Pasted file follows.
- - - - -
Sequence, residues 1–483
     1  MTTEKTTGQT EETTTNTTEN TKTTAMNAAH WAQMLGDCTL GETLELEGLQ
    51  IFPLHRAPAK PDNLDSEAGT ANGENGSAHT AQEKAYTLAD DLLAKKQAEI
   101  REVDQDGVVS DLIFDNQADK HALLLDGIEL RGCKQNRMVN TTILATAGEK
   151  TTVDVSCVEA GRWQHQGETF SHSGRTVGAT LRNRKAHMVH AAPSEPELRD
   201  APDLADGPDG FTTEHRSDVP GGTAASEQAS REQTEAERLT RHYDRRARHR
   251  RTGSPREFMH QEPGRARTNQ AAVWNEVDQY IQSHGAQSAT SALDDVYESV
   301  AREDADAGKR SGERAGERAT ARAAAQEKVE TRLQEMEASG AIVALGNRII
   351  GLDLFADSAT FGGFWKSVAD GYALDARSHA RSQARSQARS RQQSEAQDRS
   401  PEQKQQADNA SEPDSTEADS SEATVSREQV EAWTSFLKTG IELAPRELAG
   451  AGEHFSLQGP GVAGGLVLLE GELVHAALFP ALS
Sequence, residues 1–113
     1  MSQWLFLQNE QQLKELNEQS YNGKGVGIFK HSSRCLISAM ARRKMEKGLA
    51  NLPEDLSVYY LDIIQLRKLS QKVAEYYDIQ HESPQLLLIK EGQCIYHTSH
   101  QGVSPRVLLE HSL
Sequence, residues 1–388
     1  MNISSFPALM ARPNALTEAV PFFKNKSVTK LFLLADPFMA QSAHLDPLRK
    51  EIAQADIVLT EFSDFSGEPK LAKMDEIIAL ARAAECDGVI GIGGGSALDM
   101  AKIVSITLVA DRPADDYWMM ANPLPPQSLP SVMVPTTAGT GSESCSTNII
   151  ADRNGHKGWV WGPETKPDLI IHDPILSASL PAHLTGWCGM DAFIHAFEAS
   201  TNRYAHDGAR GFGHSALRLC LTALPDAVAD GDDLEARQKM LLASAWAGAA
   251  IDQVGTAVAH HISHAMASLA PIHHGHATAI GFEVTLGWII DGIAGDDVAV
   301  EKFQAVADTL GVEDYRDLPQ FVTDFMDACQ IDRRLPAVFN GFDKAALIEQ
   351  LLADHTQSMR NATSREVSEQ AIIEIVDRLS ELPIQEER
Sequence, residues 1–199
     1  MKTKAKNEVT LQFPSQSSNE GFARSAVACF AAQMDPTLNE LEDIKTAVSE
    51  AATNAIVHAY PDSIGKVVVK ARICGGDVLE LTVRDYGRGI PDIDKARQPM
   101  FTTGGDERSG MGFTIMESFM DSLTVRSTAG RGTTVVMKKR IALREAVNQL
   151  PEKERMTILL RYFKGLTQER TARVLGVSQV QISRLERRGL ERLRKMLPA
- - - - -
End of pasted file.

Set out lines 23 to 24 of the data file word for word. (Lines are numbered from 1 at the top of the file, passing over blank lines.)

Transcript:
   301  EKFQAVADTL GVEDYRDLPQ FVTDFMDACQ IDRRLPAVFN GFDKAALIEQ
   351  LLADHTQSMR NATSREVSEQ AIIEIVDRLS ELPIQEER